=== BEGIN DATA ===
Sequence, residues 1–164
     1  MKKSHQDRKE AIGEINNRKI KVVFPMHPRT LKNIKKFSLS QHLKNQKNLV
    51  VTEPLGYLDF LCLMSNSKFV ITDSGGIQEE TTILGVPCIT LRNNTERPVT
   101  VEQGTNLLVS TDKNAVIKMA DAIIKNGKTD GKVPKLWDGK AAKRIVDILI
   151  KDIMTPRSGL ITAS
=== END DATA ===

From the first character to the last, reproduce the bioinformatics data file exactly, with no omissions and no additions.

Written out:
Sequence, residues 1–164
     1  MKKSHQDRKE AIGEINNRKI KVVFPMHPRT LKNIKKFSLS QHLKNQKNLV
    51  VTEPLGYLDF LCLMSNSKFV ITDSGGIQEE TTILGVPCIT LRNNTERPVT
   101  VEQGTNLLVS TDKNAVIKMA DAIIKNGKTD GKVPKLWDGK AAKRIVDILI
   151  KDIMTPRSGL ITAS